In his "Algebraic Geometry", Hartshorne proves that for any ringed spaces $(X,\mathcal O_X)$, category $Mod(X)$ of sheaves of $\mathcal O_X$-modules has enough injectives. If we take $\mathcal O_X$ to be constant *sheaf* of rings $\underline{\mathbb Z}_X^{\natural}$ (i.e. sheaf associated to a constant presheaf $\underline{\mathbb Z}_X$), Hartshorne claims that $Mod(X)=Ab(X):=$ category of sheaves of abelian groups on X.

Why does this last claim hold? Of course, if one takes open subset $U \subseteq X$ that is connected, then section $\mathcal O_X(U)$ actually is ring isomorphic to $\mathbb Z$. But, for more 'complicated' open subsets $U \subseteq X$, sections $\mathcal O_X(U)$ become more complicated rings than $\mathbb Z$. So generally, many sections of a sheaf of $\mathcal O_X$-modules have more complicated structure than merely abelian group (i.e. $\mathbb Z$-module).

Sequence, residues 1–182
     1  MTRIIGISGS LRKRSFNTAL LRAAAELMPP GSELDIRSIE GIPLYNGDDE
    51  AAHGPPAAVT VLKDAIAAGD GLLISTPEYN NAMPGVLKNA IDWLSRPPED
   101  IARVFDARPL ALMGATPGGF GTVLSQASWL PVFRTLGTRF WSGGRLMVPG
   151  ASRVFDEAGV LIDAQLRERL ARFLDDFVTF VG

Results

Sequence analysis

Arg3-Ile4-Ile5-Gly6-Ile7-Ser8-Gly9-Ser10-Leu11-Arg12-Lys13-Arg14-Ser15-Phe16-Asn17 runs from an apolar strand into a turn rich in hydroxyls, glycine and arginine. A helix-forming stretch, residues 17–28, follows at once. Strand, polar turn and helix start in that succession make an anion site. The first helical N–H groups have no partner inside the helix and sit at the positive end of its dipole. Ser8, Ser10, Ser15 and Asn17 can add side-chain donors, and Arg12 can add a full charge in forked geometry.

So, why is it obvious, according to Hartshorne, that $Mod(X)=Ab(X)$? I can only see that $Mod(X)$ is subcategory of $Ab(X)$.